Asbestos: Why Is a Banned Substance Still Killing People?

Most people understand that asbestos is a toxic substance but they underestimate just how dangerous exposure to asbestos can be. According to an article in mosiacscience.com, asbestos will be responsible for 10,000 deaths in the U.S. in 2017, more than gunshot wounds and skin cancer. The story is much the same in the U.K., where an average of 13 people per day will die from asbestos-related diseases—more than will be killed in automobile accidents.

Young people still at risk of developing mesothelioma from asbestos exposure. Find out more. 

In the Mosiac Science article, reporter Nic Fleming tackles the subject of cover-ups and misinformation that’s been deliberately spread about over decades. Although the use of asbestos was banned in many industries in the 1970s, it’s still used in the U.S. and Canada in certain areas. While the substance may be banned in most western countries, its use is still prolific in Asia, South American and some Eastern European countries.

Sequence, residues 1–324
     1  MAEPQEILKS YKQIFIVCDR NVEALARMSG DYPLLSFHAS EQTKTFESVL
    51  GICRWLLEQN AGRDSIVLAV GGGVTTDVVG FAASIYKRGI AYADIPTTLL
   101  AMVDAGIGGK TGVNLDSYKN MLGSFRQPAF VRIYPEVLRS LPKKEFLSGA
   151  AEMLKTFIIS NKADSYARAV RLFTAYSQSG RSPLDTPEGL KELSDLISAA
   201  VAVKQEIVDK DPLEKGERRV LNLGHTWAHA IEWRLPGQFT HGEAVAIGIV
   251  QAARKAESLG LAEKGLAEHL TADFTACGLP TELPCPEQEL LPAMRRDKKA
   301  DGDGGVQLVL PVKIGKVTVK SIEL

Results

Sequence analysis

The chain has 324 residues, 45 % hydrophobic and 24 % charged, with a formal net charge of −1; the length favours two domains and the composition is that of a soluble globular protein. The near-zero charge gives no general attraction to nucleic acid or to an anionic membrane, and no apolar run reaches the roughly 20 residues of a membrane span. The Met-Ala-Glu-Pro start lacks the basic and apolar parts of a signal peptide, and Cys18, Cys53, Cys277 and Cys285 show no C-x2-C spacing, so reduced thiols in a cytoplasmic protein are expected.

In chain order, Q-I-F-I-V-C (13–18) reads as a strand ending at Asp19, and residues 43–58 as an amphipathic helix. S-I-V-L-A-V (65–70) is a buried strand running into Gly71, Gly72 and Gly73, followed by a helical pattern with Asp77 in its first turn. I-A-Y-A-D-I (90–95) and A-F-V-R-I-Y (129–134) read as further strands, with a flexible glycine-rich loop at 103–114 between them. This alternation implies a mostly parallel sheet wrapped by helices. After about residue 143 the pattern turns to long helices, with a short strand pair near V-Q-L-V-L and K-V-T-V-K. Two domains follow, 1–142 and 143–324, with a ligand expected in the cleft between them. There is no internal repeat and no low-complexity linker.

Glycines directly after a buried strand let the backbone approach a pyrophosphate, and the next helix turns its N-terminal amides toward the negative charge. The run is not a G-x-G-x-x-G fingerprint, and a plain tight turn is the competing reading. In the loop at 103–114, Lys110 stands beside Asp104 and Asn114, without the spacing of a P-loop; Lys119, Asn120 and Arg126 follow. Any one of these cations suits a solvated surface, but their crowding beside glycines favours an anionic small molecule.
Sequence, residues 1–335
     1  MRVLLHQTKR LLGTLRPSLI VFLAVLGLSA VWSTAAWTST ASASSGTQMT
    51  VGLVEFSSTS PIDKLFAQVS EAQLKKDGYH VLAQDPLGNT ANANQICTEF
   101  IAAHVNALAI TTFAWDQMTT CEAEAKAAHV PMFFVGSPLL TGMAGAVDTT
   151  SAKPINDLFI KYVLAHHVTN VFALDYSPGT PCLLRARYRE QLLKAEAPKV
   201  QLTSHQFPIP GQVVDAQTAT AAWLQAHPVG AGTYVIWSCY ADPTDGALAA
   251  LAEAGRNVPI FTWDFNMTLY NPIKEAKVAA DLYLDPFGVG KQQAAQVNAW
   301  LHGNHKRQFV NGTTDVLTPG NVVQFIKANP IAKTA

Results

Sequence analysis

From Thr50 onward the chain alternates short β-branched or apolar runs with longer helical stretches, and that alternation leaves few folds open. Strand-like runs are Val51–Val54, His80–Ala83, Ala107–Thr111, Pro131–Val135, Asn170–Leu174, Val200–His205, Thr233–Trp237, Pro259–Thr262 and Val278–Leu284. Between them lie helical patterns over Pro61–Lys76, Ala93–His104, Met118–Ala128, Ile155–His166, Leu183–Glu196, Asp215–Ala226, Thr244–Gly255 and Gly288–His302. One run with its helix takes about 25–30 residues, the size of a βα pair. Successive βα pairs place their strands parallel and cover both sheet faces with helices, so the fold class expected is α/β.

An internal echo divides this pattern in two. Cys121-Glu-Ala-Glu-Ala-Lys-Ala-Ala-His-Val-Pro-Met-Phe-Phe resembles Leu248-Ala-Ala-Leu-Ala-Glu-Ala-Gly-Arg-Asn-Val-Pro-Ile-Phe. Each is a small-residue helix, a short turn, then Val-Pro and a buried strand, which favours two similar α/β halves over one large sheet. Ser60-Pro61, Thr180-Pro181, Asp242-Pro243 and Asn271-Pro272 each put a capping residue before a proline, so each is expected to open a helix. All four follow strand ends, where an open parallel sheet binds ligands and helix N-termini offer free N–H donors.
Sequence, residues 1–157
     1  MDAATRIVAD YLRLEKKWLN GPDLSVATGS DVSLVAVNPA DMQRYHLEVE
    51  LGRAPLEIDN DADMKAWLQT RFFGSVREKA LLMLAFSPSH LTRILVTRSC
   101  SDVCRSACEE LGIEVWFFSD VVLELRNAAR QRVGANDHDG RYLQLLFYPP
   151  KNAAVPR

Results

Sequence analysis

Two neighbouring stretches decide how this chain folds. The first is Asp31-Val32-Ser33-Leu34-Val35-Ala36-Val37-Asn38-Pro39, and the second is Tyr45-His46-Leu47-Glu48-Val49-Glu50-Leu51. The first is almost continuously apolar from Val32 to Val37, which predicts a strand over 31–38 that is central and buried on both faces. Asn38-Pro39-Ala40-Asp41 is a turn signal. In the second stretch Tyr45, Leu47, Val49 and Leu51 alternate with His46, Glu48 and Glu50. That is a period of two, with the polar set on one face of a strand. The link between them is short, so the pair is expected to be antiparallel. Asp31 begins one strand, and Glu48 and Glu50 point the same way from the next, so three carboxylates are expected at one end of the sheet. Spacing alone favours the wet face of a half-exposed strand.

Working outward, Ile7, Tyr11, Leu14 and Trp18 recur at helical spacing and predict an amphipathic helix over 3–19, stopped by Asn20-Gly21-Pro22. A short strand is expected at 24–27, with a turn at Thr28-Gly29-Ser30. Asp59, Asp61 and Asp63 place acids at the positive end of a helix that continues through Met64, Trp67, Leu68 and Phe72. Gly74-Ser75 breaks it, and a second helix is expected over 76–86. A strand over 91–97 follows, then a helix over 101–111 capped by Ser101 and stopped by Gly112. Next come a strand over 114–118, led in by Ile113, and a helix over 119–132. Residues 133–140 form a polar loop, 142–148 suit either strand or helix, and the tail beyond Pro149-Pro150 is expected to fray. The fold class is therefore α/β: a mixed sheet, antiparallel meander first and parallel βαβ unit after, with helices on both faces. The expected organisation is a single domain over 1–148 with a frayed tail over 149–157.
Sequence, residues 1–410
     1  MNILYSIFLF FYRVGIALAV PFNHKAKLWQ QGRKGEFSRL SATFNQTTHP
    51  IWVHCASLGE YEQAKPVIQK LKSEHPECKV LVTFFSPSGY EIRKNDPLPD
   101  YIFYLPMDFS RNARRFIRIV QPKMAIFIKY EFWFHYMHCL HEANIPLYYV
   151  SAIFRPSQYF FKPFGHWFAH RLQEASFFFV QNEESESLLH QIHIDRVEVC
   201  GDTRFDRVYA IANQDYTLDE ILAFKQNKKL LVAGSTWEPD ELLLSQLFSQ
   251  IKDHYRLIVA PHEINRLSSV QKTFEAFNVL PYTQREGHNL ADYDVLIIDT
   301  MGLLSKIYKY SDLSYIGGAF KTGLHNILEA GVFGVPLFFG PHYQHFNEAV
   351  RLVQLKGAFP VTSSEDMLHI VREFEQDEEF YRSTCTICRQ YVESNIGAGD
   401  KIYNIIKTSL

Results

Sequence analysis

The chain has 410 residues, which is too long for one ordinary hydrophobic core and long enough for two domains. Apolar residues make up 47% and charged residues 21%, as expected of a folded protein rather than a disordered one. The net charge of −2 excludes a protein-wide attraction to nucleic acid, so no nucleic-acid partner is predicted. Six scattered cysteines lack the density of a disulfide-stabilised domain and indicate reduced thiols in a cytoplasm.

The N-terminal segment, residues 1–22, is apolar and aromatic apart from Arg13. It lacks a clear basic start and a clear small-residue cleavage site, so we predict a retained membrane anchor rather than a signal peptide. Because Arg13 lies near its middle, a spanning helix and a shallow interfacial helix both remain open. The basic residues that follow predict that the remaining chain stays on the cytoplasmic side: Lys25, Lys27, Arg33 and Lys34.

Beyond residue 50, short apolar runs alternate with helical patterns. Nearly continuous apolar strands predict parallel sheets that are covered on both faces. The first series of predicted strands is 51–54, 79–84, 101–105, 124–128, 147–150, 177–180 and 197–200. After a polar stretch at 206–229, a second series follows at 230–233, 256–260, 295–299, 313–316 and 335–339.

Fleming interviews a 70-year-old man who is suffering from mesothelioma. Former carpenter Winston Bush was regularly exposed to asbestos, usually without the protection of face masks and ventilation. While most industries where asbestos exposure is still a risk have tightened up safety procedures, anyone who is exposed to the substance is at risk of developing an asbestos-related disease.

Find out why asbestos continues to be a worldwide health problem.

Mesothelioma Research News is strictly a news and information website about the disease. It does not provide medical advice, diagnosis or treatment. This content is not intended to be a substitute for professional medical advice, diagnosis, or treatment. Always seek the advice of your physician or another qualified health provider with any questions you may have regarding a medical condition. Never disregard professional medical advice or delay in seeking it because of something you have read on this website.

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